Friends of Nature is both old and new. It began in 1993 when a group of Placencia residents became concerned about human impacts on Laughing Bird Caye - a small and beautiful island about 12 miles offshore. Fishermen were camping there a lot and at the same time guides were starting to bring tourists for snorkeling. The citizens formed a committee called Friends of Laughing Bird Caye to look after the island and lobby for its protection. The committee made a major achievement in 1996 when the Minister of Natural Resources declared Laughing Bird Caye a National Park, thus making it a protected area. At that time, Friends organized a very effective voluntary ban on fishing and camping in the Park. Later, in 1996, Laughing Bird Caye National Park was one of seven marine protected areas along the Belize Barrier Reef to be declared a collective World Heritage Site by UNESCO (United Nations Educational, Scientific and Cultural Organization).

During this time, researchers and community members were also learning about an area on the reef called Gladden Spit where thousands of fishes were aggregating at predictable times to spawn. Fishermen had worked these aggregations heavily for many years. Whale sharks were also visiting the area in noticeable numbers, apparently feeding on fish spawn. Funding by the WWF (World Wildlife Federation) enabled the Fisheries Department and Friends of Laughing Bird Caye to conduct a series of consultations that led to the declaration of the Gladden Spit and Silk Cayes Marine Reserve in May 2000. At that time it was understood by both parties that Friends of Laughing Bird Caye would be given co-management of the Reserve.

In 1998 Friends of Placencia Lagoon, another NGO was formed to bring attention to the lagoon behind the Placencia Peninsula. Many shrimp farms were being established on the shores of the lagoon and the Committee was concerned about the effects of the waste disposal on the life of the lagoon.

In the end, these two groups merged to form Friends of Nature, an NGO concerned with the state of all the ecosystems around Placencia and with responsibility for managing both Laughing Bird Cay National Park and Gladden Spit Marine Reserve.

Friends of Nature has made considerable progress in a short amount of time. Some of our achievements include:

  • Trained and Equipped Rangers to Monitor Areas: Eight Rangers man a fleet of five boats to carry out their enforcement duties. Most have been trained as Fisheries Officers and all are PADI-certified. They are outfitted withthe basic gears required to do their work such as radios, dive gear, and GPS (Global Positioning Systems) units.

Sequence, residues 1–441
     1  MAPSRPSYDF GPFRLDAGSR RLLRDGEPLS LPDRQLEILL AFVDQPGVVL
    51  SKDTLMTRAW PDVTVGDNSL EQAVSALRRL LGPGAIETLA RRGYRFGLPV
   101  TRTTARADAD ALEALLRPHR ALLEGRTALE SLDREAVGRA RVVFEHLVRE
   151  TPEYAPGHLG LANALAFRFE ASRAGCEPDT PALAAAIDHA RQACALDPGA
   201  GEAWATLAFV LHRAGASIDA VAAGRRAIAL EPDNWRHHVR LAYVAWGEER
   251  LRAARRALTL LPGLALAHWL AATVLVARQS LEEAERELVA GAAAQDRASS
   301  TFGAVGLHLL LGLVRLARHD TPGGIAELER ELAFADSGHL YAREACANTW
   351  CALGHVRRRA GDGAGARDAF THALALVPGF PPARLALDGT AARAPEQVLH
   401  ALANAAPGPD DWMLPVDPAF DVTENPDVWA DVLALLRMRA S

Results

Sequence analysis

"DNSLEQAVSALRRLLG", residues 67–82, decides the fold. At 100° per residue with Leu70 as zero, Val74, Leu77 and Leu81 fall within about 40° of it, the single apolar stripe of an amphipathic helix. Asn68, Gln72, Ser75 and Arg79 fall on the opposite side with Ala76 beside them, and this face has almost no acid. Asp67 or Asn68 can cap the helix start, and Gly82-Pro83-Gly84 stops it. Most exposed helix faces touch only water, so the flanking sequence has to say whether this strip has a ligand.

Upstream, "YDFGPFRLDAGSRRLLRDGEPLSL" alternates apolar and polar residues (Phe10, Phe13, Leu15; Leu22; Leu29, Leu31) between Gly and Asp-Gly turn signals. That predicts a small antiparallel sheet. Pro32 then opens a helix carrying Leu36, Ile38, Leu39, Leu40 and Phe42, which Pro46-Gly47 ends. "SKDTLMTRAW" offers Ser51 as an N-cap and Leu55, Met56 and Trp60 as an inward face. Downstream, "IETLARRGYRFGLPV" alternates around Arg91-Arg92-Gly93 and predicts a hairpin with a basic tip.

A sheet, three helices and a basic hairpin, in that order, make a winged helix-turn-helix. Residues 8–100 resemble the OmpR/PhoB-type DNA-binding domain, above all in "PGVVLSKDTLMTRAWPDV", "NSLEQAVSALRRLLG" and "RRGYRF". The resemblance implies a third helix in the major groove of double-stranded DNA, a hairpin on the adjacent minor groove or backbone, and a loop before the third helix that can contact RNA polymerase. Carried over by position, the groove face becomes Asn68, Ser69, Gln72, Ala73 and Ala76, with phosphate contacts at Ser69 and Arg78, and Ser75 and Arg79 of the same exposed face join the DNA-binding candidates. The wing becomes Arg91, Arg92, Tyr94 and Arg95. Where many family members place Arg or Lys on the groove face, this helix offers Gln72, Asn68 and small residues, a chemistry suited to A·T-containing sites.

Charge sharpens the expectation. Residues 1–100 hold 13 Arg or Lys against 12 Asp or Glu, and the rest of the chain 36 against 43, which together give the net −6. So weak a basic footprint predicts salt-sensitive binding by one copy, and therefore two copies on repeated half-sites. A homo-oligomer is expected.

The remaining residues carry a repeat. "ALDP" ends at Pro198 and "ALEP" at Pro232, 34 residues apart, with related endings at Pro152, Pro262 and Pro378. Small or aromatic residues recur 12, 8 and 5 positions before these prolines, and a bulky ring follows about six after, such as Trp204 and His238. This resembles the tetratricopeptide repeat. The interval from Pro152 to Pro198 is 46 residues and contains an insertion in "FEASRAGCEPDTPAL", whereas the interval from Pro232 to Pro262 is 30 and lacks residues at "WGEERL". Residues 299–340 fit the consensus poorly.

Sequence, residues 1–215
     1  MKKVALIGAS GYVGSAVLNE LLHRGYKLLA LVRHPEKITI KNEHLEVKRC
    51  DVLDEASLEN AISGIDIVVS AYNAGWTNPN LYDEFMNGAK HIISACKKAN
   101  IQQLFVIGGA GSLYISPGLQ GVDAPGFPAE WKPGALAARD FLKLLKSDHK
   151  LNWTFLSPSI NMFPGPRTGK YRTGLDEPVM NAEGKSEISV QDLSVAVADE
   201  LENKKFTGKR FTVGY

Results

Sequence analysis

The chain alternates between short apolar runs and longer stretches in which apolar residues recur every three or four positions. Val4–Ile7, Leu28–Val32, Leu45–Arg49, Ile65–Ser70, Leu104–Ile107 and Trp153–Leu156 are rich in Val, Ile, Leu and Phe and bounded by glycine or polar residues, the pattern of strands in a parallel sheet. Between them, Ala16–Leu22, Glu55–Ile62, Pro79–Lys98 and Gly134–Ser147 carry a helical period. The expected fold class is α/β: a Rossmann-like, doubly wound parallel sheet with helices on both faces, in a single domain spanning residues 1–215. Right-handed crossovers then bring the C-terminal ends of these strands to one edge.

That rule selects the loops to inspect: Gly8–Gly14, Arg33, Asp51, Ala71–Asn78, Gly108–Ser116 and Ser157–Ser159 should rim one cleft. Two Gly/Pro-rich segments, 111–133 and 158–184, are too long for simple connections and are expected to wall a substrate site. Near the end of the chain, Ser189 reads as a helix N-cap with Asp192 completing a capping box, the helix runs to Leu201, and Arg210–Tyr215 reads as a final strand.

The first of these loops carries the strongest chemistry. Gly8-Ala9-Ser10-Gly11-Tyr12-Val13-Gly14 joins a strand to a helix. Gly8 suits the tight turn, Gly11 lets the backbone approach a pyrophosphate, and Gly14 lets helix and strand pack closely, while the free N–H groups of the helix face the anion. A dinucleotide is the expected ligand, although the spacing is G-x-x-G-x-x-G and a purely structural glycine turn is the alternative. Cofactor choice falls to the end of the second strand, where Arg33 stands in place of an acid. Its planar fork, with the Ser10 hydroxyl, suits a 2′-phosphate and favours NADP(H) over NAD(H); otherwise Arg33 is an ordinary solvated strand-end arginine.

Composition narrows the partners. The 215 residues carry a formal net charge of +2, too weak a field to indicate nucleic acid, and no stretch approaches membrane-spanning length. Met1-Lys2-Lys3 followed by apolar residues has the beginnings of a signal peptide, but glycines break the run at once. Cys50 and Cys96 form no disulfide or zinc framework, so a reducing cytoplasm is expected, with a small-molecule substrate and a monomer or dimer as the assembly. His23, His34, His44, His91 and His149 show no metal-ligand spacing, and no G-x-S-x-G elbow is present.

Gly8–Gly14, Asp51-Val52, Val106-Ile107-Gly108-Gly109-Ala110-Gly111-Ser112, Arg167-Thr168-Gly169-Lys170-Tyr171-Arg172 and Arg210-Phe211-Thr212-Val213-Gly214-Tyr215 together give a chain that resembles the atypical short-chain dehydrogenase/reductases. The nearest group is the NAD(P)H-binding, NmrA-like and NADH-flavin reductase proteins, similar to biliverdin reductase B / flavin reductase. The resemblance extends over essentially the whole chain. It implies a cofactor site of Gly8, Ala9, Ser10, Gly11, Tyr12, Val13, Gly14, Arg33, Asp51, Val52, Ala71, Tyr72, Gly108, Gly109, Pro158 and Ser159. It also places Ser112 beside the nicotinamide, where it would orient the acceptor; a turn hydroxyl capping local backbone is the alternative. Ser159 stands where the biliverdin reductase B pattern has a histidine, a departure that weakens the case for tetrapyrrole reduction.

• Established a Ranger Station and Research Center: As a base for its operations out on the reef, FoN was able to acquire a majority share in Little Water Caye, a small island strategically placed equidistant from and close to both parks. FoN constructed a solid and beautiful building, a 300-foot pier, and a storeroom. Both reserves are well demarcated, and both have a full complement of mooring buoys.

On-Going Activities:
In addition, FoN has acquired the rights to Buttonwood Caye, a small island two miles Northwest of Gladden Spit, to develop as a Resource Center for fishermen and tour guides, a place where they can stay overnight and have access to proper facilities. FoN is presently seeking funding to complete the purchase. With the growth in tourism, traditional campgrounds for fishermen are getting more and more scarce. By acquiring Buttonwood Caye FoN is ensuring that local fishermen will always have a base for their operations. Buttonwood is also a convenient site to collect data about commercial fish landings in and around the Reserve.

Good management requires feedback, and FoN has a broad array of routine monitoring protocols in place already. FoN is evaluating its own management effectiveness with a WWF- sponsored tool. In addition Friends has hired a technician to manage and process all of FoN's data including GIS mapping.

Gladden Spit | Lagoon | Laughing Bird | Enforcement
About Friends of Nature | Research | Protected Areas | Newsletter | Contact Us

The URL of this page is: